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A Drone New World

Updated: Friday, August 2 2013, 10:11 PM EDT

Already in use by the military for surveillance and reconnaissance missions, unmanned aerial vehicles (UAVs) may soon give anyone the ability to snoop, pry and peer into our lives in ways even George Orwell couldn't imagine.

By 2015 the US Federal Aviation Administration (FAA) is planning to release guidelines to allow drones weighing up to 50 lbs to fly as high as 400 ft. anywhere. For just a few hundred dollars and a hook-up to an iPhone anyone may have the ability to watch and record things which used to be off limits – or at least were harder to reach.

Wide availability of these high-tech gadgets prompt concerns not just over invasion of privacy but also with safety. The larger the drone - the bigger and faster the rotor blades become to operate the machine – and experts say drones are not immune to accidents.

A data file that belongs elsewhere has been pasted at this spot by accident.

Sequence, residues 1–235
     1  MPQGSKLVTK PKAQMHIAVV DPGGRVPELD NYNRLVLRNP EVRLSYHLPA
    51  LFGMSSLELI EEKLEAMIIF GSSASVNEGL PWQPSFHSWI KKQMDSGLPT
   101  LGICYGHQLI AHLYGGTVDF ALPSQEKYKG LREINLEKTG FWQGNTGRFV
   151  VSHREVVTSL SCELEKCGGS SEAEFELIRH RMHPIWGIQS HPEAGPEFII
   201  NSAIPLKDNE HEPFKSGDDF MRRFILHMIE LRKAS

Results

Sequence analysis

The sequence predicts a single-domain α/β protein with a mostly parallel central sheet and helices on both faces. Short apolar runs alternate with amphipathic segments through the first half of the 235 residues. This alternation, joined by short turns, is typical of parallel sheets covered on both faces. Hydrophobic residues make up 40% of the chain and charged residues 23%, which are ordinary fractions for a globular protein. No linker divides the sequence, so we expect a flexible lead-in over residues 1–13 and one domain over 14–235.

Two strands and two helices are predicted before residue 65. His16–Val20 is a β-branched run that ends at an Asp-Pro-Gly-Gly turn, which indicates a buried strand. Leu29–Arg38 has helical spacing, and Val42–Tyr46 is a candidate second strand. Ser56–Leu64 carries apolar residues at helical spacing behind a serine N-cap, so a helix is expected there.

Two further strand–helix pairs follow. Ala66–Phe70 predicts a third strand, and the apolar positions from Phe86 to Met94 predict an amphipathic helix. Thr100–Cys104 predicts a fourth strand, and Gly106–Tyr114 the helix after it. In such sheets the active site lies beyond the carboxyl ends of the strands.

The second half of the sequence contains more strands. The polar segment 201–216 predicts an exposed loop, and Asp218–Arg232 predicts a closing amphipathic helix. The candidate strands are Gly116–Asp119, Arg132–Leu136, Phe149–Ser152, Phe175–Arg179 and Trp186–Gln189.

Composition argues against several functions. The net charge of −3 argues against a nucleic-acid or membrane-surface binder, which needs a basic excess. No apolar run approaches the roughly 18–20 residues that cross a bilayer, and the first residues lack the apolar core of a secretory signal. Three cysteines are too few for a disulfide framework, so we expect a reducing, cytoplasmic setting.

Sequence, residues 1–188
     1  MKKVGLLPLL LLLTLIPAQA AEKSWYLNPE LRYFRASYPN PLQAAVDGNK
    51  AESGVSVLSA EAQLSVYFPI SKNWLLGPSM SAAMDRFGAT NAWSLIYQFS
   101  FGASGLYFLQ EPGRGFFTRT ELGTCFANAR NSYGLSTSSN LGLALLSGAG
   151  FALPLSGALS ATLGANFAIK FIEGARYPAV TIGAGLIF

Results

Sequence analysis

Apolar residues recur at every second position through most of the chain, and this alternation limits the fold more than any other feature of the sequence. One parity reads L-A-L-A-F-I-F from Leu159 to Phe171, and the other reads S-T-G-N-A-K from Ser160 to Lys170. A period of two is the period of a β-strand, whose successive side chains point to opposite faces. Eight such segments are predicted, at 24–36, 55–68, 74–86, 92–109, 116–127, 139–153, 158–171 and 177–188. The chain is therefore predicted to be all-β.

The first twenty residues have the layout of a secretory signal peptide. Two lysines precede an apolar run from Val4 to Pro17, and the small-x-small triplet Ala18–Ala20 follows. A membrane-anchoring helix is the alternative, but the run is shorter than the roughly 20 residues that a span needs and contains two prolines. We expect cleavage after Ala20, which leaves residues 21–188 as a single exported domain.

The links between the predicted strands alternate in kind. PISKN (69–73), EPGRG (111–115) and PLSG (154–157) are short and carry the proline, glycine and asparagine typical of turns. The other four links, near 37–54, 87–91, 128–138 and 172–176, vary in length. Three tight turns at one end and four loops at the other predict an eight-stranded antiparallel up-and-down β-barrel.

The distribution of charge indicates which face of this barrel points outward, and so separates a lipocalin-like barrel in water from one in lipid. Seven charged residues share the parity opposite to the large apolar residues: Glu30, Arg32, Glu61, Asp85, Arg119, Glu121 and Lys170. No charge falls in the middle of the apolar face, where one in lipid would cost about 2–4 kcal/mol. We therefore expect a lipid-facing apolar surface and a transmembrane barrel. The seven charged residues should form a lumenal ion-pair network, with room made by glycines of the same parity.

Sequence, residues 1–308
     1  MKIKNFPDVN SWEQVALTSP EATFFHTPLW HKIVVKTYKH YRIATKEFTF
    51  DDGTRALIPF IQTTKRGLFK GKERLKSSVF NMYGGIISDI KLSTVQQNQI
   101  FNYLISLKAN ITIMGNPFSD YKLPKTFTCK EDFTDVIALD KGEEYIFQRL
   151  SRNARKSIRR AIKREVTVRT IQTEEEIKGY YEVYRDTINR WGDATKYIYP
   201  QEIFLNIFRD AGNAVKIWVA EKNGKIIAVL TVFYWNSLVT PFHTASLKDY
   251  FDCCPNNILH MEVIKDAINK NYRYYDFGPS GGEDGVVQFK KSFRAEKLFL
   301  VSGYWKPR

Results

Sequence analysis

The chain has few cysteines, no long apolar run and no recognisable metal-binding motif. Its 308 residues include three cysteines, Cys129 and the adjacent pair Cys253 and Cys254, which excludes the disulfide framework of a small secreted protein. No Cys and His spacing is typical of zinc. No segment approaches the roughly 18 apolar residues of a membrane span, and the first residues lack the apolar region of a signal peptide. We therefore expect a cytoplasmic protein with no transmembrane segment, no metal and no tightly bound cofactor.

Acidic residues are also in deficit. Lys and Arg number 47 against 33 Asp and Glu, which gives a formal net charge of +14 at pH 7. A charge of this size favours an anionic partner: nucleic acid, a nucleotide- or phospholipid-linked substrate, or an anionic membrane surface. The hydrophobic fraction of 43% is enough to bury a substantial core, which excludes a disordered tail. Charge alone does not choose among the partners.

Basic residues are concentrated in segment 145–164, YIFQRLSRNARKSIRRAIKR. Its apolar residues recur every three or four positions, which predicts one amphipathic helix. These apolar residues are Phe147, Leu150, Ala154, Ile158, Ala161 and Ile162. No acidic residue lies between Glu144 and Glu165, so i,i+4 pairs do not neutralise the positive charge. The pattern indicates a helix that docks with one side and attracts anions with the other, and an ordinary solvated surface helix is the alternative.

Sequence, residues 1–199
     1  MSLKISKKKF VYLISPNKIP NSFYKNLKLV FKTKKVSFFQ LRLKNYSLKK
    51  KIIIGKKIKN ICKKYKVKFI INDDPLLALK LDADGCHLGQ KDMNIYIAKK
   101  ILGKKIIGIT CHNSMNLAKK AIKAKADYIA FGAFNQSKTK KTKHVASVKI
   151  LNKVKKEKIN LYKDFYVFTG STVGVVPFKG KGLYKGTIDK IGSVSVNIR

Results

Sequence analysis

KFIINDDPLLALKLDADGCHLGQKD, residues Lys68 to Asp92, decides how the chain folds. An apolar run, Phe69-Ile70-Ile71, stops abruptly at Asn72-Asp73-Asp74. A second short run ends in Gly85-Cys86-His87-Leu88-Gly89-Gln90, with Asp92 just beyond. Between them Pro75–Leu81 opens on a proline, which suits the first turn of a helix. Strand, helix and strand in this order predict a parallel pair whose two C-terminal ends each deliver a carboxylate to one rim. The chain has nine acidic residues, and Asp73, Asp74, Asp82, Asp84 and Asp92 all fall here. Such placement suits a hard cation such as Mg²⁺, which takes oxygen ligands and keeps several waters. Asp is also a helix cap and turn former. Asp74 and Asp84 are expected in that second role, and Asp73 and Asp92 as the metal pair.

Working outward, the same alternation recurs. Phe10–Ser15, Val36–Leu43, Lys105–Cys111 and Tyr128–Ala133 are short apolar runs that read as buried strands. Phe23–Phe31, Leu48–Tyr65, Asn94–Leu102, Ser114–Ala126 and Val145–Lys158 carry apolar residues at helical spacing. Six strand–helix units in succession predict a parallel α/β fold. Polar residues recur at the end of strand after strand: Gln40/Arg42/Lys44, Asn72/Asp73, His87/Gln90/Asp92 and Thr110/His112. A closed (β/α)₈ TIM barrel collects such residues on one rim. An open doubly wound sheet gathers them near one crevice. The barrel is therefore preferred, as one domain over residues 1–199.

"People who are making drones like to say they are safer than manned aircraft," New America Foundation Fellow Konstantin Kakaes said. "But the drones in the Air Force fleet crash three times as often as manned aircraft."

Law enforcement officials argue that the proliferation of drones may actually make us safer – such as in the case of the Boston Marathon Bombings where UAVs may have helped first responders allocate resources more effectively.

The ACLU says there need to be legal guidelines on how personal drones can be used, and restrictions put into place. Right now the FCC is still working on the regulations for flying drones – there’s no word yet on whether they will meet the 2015 deadline.

A Drone New World

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Washington Times